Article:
21st Century Breakdown: James B. Eldred’s Top 10 Albums of the Decade

Oy, this decade was a mess. The ’90s were easy. Rock had grunge, hip-hop had gangsta rap and a genre-defining electronic album seemed to come out every week thanks to artists like Aphex Twin, the Prodigy and the Orb (just to name a few). There was no Zeitgeist-turning moment in music this decade, no Next Big Thing. Instead, we saw mainstream rock dissolve into a post-grunge funk from which it might never recover, while pop music infiltrated rap music in insulting and embarrassing ways (thanks, Auto-Tune). Meanwhile, both the punk rock kids and hippies discovered electronic music, giving Pitchfork whole new genres of music to build up and tear down.

We’re more fragmented then ever – case in point: of all the albums selected by the writers who’ve contributed to our End of Decade series, only one album has been selected twice – which means that there’s something out there for anyone, but nothing for everyone. It sucks if you like the idea of a rock band being bigger than Jesus, especially if you don’t want that band to be U2. But if you like the idea that at any given moment there’s probably an album being released that will appeal to just you a few thousand other people, then this is a great time to be alive. However, that also means the chances of finding something truly “original” are next to nil. We’re getting to a point where it feels like everything has been done, and everyone is just paying homage, making pastiche or ripping off something that came before.

That being said, there were still a few original albums to make their way to my ears this decade, and almost all of them ended up being my favorites. So while you say this is my “best of” list for the decade, you could also call it my “most original” list as well.

1. Fucked Up: Chemistry of Common Life
Canadian indie rock seemed to be the scene of the ’00s, and while it gave us some good music, most of it bored me. It was just so damn pleasant. And Fucked Up is a lot of things, but pleasant isn’t one of them. In fact, almost everything about them, from their R-rated name to the abrasive vocals of their lead singer (who goes by the name Pink Eyes) almost dares you not to like them. I sure as hell didn’t at first; it seemed like they were trying too hard to be “outrageous.” But when they give you a song as brilliant as “Son the Father” with its goosebump-inducing riff and the best lyric of the decade (“It’s hard enough being born in the first place / Who would ever wanna be born again?”), it’s impossible not to take notice. This is hardcore punk’s Dark Side of the Moon and will probably be just as influential in the years to come.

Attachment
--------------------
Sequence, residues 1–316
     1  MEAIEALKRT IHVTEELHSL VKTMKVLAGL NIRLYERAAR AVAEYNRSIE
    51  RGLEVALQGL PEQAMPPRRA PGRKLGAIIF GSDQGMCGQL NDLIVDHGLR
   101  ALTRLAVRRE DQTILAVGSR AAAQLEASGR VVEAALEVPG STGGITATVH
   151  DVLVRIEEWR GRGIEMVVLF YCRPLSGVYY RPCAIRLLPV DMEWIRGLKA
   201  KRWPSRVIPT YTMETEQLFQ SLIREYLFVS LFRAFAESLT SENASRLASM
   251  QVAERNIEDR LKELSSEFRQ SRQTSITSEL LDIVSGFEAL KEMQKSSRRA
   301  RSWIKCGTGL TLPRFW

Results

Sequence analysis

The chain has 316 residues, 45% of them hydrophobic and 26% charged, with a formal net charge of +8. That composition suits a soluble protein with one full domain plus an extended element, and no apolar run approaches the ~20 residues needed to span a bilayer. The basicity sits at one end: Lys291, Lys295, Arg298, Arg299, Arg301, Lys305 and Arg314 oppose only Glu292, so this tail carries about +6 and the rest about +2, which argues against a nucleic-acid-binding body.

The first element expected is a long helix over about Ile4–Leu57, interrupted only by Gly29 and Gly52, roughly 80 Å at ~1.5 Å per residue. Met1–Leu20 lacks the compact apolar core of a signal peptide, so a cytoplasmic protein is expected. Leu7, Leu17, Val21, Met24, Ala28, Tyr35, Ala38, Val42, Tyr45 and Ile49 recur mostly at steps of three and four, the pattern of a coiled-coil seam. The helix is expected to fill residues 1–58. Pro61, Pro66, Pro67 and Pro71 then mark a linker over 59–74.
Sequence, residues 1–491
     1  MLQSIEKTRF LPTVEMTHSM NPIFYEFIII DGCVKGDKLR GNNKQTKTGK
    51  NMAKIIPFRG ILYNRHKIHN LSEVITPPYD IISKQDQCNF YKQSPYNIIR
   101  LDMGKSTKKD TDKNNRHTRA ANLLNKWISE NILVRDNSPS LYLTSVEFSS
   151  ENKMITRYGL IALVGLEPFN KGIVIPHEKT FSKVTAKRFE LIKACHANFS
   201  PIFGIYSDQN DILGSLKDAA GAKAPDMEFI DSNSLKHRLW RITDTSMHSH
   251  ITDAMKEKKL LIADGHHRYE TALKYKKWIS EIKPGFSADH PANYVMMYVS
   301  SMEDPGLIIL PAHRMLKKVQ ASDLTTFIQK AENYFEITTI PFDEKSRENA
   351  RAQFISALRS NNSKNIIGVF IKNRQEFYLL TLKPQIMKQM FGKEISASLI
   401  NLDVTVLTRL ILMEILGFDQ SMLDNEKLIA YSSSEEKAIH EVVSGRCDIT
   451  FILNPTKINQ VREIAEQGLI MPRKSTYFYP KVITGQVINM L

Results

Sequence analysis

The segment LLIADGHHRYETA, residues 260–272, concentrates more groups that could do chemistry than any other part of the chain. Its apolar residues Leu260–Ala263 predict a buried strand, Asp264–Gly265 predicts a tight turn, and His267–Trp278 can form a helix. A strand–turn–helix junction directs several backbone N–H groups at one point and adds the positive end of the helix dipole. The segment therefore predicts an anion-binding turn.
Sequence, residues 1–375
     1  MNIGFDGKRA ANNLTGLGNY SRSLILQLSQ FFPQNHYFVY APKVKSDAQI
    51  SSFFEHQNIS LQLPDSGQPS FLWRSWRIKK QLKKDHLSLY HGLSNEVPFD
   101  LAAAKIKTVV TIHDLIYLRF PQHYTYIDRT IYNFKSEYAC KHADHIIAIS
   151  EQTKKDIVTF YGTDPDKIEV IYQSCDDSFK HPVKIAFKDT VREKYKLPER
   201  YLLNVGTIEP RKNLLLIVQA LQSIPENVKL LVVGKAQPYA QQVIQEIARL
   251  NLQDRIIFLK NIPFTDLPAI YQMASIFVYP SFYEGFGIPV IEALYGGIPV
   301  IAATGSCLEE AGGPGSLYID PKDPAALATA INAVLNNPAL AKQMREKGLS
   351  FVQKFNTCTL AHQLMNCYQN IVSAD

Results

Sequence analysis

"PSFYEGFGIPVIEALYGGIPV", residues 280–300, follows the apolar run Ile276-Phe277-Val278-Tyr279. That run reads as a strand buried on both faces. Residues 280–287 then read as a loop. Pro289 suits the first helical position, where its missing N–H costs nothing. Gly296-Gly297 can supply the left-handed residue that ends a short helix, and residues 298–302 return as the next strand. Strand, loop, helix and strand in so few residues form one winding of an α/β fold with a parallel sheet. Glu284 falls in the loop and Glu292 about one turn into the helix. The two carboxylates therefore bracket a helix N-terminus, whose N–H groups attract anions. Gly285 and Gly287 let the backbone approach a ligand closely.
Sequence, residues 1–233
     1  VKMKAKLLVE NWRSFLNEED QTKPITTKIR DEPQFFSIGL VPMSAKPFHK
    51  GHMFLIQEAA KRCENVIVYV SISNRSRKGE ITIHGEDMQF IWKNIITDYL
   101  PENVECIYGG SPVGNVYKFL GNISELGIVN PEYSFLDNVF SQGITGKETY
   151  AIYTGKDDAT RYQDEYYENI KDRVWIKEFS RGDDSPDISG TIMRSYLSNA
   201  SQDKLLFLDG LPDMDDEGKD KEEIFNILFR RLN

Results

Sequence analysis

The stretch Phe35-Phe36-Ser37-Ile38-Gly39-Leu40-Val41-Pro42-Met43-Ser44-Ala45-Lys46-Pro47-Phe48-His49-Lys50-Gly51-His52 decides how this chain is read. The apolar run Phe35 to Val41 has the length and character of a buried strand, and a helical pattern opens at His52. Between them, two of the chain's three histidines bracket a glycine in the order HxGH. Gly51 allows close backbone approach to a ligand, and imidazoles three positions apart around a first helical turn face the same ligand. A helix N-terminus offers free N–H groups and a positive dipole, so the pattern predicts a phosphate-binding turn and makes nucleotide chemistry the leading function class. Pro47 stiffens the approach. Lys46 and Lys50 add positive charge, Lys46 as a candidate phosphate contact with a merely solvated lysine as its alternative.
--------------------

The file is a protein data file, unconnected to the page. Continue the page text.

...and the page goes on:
2. Arcade Fire: Funeral
Okay, so not all of the indie-rock from Canada bored me. I didn’t want to like Arcade Fire, I didn’t want to fall for their melancholy lyrics and haunting melodies, and I didn’t want to be put under enchantment by the haunting closing track “In The Backseat.” It just kind of happened that way. Damn Canadians and their near-perfect records.

3. Hell: Teufelswerk
An as-yet-unheard masterpiece, although there is some hope still since it only came out this year. Teufelswerk picks up where The Orb’s Adventures into the Underworld left off, taking the listener on a journey across two discs that include ambient, house, electro and just about everything else in between. Not made entirely for the dance floor, it’s the kind of electronic album that should have mainstream appeal, even with its 13-minute tracks and bizarre guest appearance roster of Bryan Ferry and Diddy. If you consider yourself a fan of electronic music and you don’t have this album, you’re doing it wrong.